When an album filled with hits from Ciara, Jadakiss, JoJo, Terror Squad, Black Eyed Peas and Ashlee and Jessica Simpson comes out, the competition doesn’t stand a chance.
The compilation Now That’s What I Call Music! 17, which also includes singles from Franz Ferdinand, Gretchen Wilson and the Beastie Boys, will bow in at #1 on next week’s Billboard albums chart, by selling more than 407,000 copies, according to SoundScan.
The latest in the slam-dunk series bested the #2 album, A Perfect Circle’s eMOTIVe, by more than a quarter-million copies. The politically charged covers album is the band’s third LP and also its poorest first-week performer. The more than 142,000 copies it sold, however, was enough to match the band’s peak #2 position, set by 2003’s Thirteenth Step.
Thanks to a relatively slow sales week, Nelly’s Suit was able to advance two spots to #3, despite a 10 percent drop in sales. The more popular of his two simultaneously released, eight-week old albums sold more than 117,000 copies. Its companion, Sweat, meanwhile, continues to slide, dropping another five spots next week to land at #23.
The laurels that continue to shower on the Ray Charles biopic, “Ray,” keep pushing its soundtrack skyward. After a sizable leap from #23 to #10 last week, the LP will move up another spot to #9 thanks to a whopping 47 percent increase in weekly sales, from more than 55,000 to more than 80,000. Conversely, sales for Charles’ duets album, Genius Loves Company, diminished by more than 13,000 copies, though the album will move up one spot to #7.
While “Ray” soars, the doomed duo of Jay-Z and R. Kelly sink. Their second collaboration album, Unfinished Business, will fall from its #1 perch down to #10, as weekly sales shrink 67 percent, from more than 215,000 copies to more than 70,000.
The rest of next week’s top 10 finds Usher’s Confessions advancing two places to #4 (with more than 114,000 copies sold); Rod Stewart’s Stardust … The Great American Songbook Vol. III losing one place to land at #5 (103,000); George Strait’s 50 Number Ones moving from #7 to #6 (94,000); and Trick Daddy’s Thug Matrimony: Married to the Streets slipping from #2 to #8 (81,000).
My Brother & Me has given the Ying Yang Twins something to get crunked up about. The spotlight shined on the Atlanta duo after they worked on Britney Spears’ last album, and they’ve managed to reflect some of that heat onto their latest effort, a remix LP of 2003’s Me & My Brother, which will take the #12 spot. Contemporary Christian pop-punk band Relient K will assume the #15 position with Mmhmm to round out the chart’s top-20 debuts.
Other notable debuts include John Lennon’s Acoustic at #31; Train’s Alive at Last at #48; the Rolling Stones’ Live Licks at #50; Live’s Awake: The Best of Live at #65; AFI’s best-of set, AFI, at #88; and the soundtrack to “Polar Express” at #115.
Now That’s What I Call Successful
Since the series began in the U.S. in 1998, the Now That’s What I Call Music! compilations have been so successful that the real mark of a chart champ may not be debuting at #1, but coming in ahead of the latest Now volume. Vol. 17, the third edition to be released this year, is the second one to bow in at #1. Vol. 15 deserves a break, though. It was going up against the massive first-week sales of Usher’s Confessions, which moved a whopping 1 million copies after just days on sale.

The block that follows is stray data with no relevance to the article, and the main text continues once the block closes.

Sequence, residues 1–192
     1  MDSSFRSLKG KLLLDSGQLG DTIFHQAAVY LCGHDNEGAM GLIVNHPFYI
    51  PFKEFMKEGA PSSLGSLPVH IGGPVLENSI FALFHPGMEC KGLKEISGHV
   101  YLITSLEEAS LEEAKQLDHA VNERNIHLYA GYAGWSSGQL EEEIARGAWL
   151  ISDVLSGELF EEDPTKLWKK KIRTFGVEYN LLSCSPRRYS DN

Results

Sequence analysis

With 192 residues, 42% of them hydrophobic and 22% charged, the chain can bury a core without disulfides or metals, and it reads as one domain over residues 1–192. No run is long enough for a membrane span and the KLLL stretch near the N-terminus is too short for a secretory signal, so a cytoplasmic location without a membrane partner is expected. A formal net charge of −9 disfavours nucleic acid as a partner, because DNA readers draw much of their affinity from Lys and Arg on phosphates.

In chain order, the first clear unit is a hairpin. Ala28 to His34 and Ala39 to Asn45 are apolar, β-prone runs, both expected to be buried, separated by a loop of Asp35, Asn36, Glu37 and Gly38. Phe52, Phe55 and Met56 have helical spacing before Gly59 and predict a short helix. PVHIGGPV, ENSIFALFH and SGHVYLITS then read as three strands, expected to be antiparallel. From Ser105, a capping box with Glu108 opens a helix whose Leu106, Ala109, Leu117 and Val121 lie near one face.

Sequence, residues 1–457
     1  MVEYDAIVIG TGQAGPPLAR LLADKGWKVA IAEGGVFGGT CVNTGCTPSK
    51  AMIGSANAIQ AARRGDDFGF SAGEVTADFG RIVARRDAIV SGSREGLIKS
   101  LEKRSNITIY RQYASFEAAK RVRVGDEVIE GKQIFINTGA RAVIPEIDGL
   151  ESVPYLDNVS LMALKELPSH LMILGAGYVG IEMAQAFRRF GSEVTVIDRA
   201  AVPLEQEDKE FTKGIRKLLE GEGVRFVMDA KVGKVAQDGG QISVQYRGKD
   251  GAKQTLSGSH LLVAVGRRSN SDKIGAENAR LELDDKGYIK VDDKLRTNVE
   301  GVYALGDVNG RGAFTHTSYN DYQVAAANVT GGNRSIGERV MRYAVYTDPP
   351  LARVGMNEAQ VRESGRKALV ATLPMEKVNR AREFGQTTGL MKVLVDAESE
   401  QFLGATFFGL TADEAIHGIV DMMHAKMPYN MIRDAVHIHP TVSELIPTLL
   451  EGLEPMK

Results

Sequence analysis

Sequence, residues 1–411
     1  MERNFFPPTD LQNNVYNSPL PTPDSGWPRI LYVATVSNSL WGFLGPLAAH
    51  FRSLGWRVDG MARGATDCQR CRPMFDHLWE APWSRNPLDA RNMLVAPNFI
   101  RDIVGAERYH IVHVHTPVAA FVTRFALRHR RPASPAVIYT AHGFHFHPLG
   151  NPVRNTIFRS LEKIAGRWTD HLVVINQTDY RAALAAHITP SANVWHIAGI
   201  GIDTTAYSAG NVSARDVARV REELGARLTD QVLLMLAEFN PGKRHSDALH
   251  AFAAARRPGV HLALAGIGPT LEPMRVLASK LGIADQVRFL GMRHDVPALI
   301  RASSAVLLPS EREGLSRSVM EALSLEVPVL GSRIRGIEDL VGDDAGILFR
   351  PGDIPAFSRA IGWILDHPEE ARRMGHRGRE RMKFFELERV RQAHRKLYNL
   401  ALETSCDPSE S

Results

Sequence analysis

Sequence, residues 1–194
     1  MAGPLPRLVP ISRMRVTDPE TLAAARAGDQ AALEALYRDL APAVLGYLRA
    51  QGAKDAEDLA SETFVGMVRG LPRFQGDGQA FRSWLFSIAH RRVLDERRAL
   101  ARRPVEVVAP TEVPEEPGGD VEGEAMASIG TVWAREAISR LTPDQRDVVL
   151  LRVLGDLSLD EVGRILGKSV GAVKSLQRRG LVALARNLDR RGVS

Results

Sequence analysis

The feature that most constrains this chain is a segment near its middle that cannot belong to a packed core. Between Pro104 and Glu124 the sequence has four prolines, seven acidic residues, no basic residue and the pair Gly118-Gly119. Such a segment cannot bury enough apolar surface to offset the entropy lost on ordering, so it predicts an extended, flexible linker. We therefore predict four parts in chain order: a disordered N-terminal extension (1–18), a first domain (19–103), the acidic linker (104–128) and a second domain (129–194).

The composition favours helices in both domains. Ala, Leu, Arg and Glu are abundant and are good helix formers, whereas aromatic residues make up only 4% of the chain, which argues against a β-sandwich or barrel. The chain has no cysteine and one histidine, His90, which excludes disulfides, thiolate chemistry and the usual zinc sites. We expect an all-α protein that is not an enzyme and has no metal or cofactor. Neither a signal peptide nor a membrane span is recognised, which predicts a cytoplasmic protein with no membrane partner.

Besides Usher’s, other albums that have recently topped Now include ones from Linkin Park and country star Toby Keith, as well as the “Bad Boys II” soundtrack.
On the whole, the series averages first-week sales of 348,000 for each volume. The feather in its cap was placed in July 2001, when Now 7’s 621,000 copies — the series’ highest tally — unseated ’NSYNC’s Celebrity after that album sold a record-breaking 1.8 million copies.
With total sales nearing 50 million, Now is the most successful compilation series ever.
On The Move
Build-up for the country’s CMA Awards, which aired Tuesday, pushed albums by performers Big & Rich and Gretchen Wilson, currently on tour together, a bit higher up the chart. Wilson’s Here For the Party will move from #21 to #17, while the duo’s Horse of a Different Color will take a five-step jump to #25. Residual buzz from the awards should push both albums up even further on next week’s chart, but big winners Kenny Chesney and Tim McGraw are likely to get the biggest bump.
After an impressive #3 debut, Simple Plan’s Still Not Getting Any … took in less than half of its first-week total to fall eight spots down, and out of the top 10.
Television helped two albums take a big jump up the chart. As everyone’s favorite ogre comes to your living room with the home-video release of “Shrek 2,” its soundtrack will jump up 114 spots to #57. And with the new season of “The O.C.” in full swing, its album accompaniment, “The O.C.: Mix 2,” will move up 14 places to #90.
No Love For Twista
One go-round of Twista is apparently good enough for most fans. Despite getting heat from his track with R. Kelly, “So Sexy Chapter II (Never Like This),” Twista couldn’t do any better than #96 with a reissued version of his latest album, Kamikaze, which includes the track. Where most artists who reissue their most recent album with bonus tracks — most recently Usher — usually come close to the original’s first-week position, Twista’s kick-up Kamikaze came up 95 spots short.
This story was updated on November 10 at 6:40 p.m. ET